Based on preliminary data, we performed all experiments using the number of samples we calculated were required to achieve 80% power to detect a 10% difference between groups. The 10% difference was selected as a biologically relevant difference based on published work [11], [25] and a value that was greater than twice the % CV for repeat measures on the same sample. For observed data reported in this manuscript, all experiments with multiple group comparisons were first analyzed using a Kruskal-Wallis non-parametric ANOVA test to determine whether any group differed from the others. Individual pairings were analyzed using a Mann-Whitney test to determine significance. Results of Mann-Whitney testing including 95% confidence intervals for the difference between the medians are reported in Table S1. False discovery rate was determined using the Benjamini Hochberg procedure. Permutation testing was performed on all pair-wise comparisons. Outliers were identified using both control charts and the Grubb’s test. All outliers are noted in the Figure Legends. For analysis of multiple variables, linear regression was performed as noted in the figure legends. Interaction of IL2RA and PTPN2 genotype on IL-2 responsiveness was assessed using PLINK (http://pngu.mgh.harvard.edu/~purcell/plink/) with an additive SNP genotype model for IL2RA genotype using the “linear” command, including PTPN2 genotype as a covariate with and without the “interaction” command. Association testing was performed using a Chi-square test and interaction of variants was modeled using the R software package. Comparisons required a p-value of <0.05 for the data to be considered significantly different.

Results

T1D and MS, but not SLE subjects display decreased response to IL-2 in CD4+CD25hi T cells

We have previously observed reduced response to IL-2 in T cells from subjects with T1D [11]. One downstream functional measure of IL-2/IL-2R signaling is phosphorylation of STAT5 (pSTAT5) in response to IL-2 stimulation. To determine if reduced IL-2 responsiveness is a common feature of autoimmunity, we measured pSTAT5 in response to IL-2 in CD4+CD25hi T cells of T1D, MS and SLE patients. Both T1D and MS subjects displayed significantly reduced response to IL-2 in the CD25hi populations, whereas SLE subjects did not differ from controls (Figure 1A). Consistent with previous studies, we found decreased response to IL-2 in the CD25lo population of T1D subjects ([11] and Figure 1B), although we did not find this same decrease in the CD25lo cells of MS or SLE patients. By ANOVA, age, gender, race, disease status or immune treatment did not significantly contribute to differences in the percentage of pSTAT5 for any cohort. Thus, a common feature of T1D and MS is a reduced response to IL-2 in CD4+CD25hi T cells.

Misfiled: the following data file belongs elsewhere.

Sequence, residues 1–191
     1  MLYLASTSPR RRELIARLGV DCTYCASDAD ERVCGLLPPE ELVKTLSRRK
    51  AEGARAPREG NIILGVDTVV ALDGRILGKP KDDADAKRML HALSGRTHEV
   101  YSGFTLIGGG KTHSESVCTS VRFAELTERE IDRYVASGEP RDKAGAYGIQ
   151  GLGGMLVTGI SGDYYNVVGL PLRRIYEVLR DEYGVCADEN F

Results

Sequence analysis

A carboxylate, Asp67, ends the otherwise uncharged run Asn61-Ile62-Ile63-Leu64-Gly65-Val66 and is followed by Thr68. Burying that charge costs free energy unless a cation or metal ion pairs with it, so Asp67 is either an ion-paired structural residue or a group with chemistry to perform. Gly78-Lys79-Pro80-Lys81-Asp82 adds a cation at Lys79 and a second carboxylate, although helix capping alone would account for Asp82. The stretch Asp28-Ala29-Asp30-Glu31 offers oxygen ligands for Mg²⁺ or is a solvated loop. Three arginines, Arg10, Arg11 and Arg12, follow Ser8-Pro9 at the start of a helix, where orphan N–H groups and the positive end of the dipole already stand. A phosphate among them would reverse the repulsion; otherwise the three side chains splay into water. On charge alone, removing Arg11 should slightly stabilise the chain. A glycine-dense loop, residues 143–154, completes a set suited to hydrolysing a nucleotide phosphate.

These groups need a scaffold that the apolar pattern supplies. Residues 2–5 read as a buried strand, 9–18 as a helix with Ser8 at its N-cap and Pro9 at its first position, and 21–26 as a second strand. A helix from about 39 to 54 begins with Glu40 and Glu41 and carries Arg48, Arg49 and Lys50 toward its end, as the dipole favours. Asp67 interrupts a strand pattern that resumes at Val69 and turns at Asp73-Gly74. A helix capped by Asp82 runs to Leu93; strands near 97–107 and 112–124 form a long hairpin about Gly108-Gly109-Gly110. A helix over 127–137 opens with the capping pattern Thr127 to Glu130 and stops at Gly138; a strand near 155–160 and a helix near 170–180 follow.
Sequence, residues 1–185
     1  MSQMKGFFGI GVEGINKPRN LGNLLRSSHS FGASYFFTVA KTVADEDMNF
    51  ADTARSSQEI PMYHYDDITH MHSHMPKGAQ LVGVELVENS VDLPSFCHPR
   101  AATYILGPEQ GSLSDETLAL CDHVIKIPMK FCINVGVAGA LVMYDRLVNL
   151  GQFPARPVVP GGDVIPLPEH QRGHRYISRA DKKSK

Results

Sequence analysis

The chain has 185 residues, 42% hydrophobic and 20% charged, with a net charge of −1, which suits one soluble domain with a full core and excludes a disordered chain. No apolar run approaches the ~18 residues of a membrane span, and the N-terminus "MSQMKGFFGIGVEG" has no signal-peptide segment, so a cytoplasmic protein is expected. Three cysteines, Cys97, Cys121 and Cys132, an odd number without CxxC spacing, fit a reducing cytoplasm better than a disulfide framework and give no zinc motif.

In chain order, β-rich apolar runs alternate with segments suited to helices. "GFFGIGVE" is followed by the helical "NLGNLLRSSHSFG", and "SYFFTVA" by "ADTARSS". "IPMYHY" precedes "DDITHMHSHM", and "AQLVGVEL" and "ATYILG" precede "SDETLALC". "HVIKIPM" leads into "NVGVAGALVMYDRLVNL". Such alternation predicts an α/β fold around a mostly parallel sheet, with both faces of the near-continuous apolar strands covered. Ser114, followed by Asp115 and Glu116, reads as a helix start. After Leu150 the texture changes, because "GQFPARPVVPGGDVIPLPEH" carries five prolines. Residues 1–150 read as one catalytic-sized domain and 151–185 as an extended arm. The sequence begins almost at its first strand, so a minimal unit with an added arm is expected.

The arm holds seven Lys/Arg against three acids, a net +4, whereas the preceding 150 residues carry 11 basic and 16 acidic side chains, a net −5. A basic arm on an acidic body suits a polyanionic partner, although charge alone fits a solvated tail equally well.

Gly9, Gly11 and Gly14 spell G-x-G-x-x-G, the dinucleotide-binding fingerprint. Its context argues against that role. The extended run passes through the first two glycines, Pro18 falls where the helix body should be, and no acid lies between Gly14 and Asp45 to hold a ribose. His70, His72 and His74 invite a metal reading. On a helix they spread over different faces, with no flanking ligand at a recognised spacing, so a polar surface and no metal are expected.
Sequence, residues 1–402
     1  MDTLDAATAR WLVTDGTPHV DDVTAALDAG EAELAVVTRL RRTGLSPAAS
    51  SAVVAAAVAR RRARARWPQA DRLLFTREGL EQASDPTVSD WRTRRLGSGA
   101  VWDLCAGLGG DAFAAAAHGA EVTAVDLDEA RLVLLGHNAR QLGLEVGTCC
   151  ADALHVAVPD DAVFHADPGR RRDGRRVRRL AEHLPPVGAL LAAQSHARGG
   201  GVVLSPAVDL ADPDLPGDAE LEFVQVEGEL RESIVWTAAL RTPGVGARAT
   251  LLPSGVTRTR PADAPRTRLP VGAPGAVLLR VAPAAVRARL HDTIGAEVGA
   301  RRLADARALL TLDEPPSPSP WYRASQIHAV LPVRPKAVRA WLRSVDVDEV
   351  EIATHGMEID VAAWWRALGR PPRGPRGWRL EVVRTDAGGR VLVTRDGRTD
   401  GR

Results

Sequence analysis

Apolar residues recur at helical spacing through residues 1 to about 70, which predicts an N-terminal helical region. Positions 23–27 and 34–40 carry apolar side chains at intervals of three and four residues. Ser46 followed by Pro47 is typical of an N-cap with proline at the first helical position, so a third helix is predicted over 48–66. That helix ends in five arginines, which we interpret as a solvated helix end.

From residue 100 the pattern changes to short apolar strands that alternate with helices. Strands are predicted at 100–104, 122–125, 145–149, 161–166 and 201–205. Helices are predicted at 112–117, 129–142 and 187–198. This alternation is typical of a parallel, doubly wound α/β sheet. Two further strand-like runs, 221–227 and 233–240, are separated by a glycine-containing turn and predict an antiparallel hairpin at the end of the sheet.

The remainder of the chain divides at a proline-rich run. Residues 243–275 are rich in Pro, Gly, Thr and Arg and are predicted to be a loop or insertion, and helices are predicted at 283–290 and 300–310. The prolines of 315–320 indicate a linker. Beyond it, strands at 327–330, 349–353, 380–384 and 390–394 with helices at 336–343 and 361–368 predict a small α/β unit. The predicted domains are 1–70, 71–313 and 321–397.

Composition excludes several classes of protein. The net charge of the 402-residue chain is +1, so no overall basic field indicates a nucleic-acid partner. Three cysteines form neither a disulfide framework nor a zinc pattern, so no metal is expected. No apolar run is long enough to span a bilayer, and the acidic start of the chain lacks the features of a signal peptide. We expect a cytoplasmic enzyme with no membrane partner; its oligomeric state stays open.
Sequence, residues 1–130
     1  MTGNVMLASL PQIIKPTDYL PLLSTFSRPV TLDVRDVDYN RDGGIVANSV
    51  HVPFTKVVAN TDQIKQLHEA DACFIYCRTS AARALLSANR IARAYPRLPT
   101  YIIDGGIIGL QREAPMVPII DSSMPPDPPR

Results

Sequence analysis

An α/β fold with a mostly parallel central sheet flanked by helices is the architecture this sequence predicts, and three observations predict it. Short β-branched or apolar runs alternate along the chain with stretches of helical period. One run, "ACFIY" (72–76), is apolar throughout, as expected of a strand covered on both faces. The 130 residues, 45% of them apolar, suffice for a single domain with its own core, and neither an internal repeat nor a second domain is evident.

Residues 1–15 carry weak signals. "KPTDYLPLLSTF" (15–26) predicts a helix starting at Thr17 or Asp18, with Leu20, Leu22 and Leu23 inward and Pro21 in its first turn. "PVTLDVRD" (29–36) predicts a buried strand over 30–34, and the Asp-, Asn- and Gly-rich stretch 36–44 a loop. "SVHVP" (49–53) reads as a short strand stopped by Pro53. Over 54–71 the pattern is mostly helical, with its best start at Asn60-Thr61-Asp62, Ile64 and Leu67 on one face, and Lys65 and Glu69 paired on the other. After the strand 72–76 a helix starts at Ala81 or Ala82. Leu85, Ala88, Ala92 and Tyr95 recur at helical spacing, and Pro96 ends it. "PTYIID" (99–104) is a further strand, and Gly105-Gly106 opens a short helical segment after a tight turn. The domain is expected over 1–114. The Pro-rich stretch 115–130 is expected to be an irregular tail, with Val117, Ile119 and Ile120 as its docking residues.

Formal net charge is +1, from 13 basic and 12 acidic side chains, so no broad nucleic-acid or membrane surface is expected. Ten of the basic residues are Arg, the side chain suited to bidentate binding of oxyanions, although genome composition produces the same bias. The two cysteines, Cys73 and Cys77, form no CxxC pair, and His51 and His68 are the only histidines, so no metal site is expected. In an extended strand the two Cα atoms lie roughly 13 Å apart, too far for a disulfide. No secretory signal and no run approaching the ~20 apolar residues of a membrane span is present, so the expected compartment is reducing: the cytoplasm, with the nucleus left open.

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Figure 1. Decreased response to IL-2 in CD4+CD25+ T cells is a phenotype common to T1D and MS, but not SLE subjects.

PBMC were thawed, rested and stimulated with media alone or IL-2 (100 IU/ml) prior to fixation, permeabilization and staining with CD4, CD25, CD45RO and pSTAT5. (A) The frequency of pSTAT5+ cells of CD25hi cells was determined by comparing media to 25 IU IL-2 stimulation for 20min. (B) In an independent cohort, the frequency of pSTAT5+ cells of CD25lo cells was determined by comparing media to 100 IU IL-2 stimulation for 10min. In all experiments, patients and controls were prospectively matched with controls for age and ethnicity. Groups in (A) and (B) differed by multiple parameter testing using a Kruskal-Wallis test with p-values of 0.0008 and 0.0198, respectively. Statistical significance for individual pairings using a Mann-Whitney test are shown. Differences shown in (A) were verified with permutation testing where control vs T1D and control vs MS remained significant (<0.001). For (B), after permutation testing the control vs T1D (0.005), T1D vs MS (0.03) and T1D vs SLE (0.01) pairings remained significant. There was one outlier in the T1D cohort in (B). By ANOVA, age, gender, race, disease status or immune treatment did not significantly contribute to differences in % pSTAT5 for any cohort (therapy and disease status analyses are shown in Figure S3). The mean pSTAT5 response is indicated for each group. IL2RArs2104286 genotype is noted by solid black (A/A), solid grey (A/G) and open (G/G) symbols.

https://doi.org/10.1371/journal.pone.0083811.g001